Chris Doughty: The impact of animal extinctions on ecosystem services, tropical forest carbon cycling, spectroscopy remote sensing and astrobiology.

Scott Goetz: Remote sensing & geospatial analysis of bio-geophysical processes at regional to global scales, with focus on boreal and tropical forests.

Joe Mihaljevic: Infectious disease dynamics in wildlife and human hosts, sequencing multi- pathogen communities, building and parameterizing epidemiological models, fitting models to data, and Bayesian inference.

Kiona Ogle: Plant and ecosystem functioning in arid and semi-arid systems (carbon and water relations in woodlands and deserts) and temperate forests (tree functional traits, tree growth), and applications of Bayesian methods to synthesize data in the context of ecological process models.

Andrew Richardson: Terrestrial ecosystems and global change, biosphere-atmosphere interactions, model-data fusion, sensor networks, near-surface remote sensing, and “big data” in ecology (e.g. PhenoCam, FLUXNET).

Ben Ruddell: Ecology of Complex & Coupled Natural-Human Systems, including cities, Food-Energy-Water (, networks, critical infrastructure, health, sustainability, and resilience.

Temuulen “Teki” Sankey: Remote sensing and geo-informatics in the southwest with UAV and lidar applications.

Graduate student benefits include stipends (TA or RA), tuition waiver, health insurance, support for summer fieldwork in a variety of beautiful ecosystems, and winter in the peaks of sunny Flagstaff, AZ. Candidates should explore the SICCS website ( and contact the professor whose interests align most closely. Please include a cover letter describing background, research interests, and qualifications, as well as a current resume.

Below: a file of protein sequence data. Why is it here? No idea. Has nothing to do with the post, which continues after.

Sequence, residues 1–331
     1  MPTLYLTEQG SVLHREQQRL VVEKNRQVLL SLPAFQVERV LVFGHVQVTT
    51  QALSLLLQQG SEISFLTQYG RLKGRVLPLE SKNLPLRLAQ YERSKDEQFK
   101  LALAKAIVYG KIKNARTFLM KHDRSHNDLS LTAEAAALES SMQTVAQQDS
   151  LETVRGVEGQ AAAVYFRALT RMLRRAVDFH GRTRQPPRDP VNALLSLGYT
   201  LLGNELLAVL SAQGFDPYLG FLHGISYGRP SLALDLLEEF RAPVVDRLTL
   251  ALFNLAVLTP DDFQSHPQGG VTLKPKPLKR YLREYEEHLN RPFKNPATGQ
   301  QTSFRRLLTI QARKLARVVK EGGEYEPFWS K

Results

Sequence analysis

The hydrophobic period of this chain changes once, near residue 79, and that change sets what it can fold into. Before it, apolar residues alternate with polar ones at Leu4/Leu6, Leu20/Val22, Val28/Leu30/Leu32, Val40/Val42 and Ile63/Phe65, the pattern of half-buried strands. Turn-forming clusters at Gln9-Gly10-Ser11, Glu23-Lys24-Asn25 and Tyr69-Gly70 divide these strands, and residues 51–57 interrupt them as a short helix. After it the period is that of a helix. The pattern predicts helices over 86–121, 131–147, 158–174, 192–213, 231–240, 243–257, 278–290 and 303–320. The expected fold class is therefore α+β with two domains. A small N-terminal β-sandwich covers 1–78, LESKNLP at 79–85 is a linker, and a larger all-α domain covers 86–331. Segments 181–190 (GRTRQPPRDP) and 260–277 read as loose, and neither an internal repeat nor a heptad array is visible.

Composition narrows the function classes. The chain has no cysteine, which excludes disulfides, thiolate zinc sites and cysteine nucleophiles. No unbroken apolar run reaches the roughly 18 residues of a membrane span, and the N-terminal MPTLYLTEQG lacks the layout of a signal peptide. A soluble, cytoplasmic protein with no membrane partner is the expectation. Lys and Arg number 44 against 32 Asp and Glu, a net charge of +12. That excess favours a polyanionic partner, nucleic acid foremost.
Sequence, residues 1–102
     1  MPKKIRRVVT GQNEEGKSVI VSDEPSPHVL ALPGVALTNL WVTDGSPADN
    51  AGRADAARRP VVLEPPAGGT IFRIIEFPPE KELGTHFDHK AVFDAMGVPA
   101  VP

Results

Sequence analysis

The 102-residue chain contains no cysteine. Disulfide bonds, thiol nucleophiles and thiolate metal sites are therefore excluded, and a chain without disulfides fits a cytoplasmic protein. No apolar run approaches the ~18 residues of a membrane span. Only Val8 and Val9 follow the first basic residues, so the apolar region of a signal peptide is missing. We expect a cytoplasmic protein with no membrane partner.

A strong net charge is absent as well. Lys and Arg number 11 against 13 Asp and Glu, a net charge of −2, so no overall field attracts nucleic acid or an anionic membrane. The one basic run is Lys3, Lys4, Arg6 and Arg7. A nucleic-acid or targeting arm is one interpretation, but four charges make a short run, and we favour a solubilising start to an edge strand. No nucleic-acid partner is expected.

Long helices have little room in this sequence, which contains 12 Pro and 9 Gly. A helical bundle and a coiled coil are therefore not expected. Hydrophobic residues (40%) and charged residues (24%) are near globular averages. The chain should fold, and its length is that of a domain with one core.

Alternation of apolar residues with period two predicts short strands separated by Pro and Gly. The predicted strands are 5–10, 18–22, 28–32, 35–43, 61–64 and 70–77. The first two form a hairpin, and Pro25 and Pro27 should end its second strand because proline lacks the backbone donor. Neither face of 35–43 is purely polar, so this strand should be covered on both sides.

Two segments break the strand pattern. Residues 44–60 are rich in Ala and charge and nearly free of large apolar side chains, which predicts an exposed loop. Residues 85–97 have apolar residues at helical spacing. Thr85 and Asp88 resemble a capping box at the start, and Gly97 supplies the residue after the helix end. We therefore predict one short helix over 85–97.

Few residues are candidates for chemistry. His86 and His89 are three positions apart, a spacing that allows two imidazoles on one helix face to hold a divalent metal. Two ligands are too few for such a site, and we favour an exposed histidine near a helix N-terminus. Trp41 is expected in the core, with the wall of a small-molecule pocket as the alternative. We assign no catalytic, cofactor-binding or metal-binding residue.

Program applications can be submitted to the School of Informatics, Computing & Cyber Systems OR the Graduate College and are due January 15, 2018 after communicating with a faculty member. Applications received early may be considered for a prestigious NAU Presidential Fellowship.

PhD in global change or urban ecology

I am recruiting PhD students to work with me, Dr. Meghan Avolio (, in Johns Hopkins’ Earth & Planetary Sciences Department ( Broadly, I am a plant ecologist and study population, community, and ecosystem responses to global change. I work in cities and grasslands; I will be developing a local urban research program in Baltimore and continuing on-going grassland research at Konza Prairie in Manhattan Kansas.

Possible topics with include: adaptation to novel climates and environments; urban biodiversity patterns and drivers; and community responses to global change. I expect that the PhD student will develop their own research project in an area of shared interest.

Enrollment is for Fall 2018. Applications are due January 15 ( If admitted, the 12-month stipend is competitive and health care benefits and tuition are covered.
Preference is for students with research experience or a Master’s degree.

If you are interested, please contact me: We can discuss research interests and determine if it is a good fit.

Dr. Meghan Avolio
Assistant Professor
Earth & Planetary Sciences
Johns Hopkins University
Baltimore, MD 21218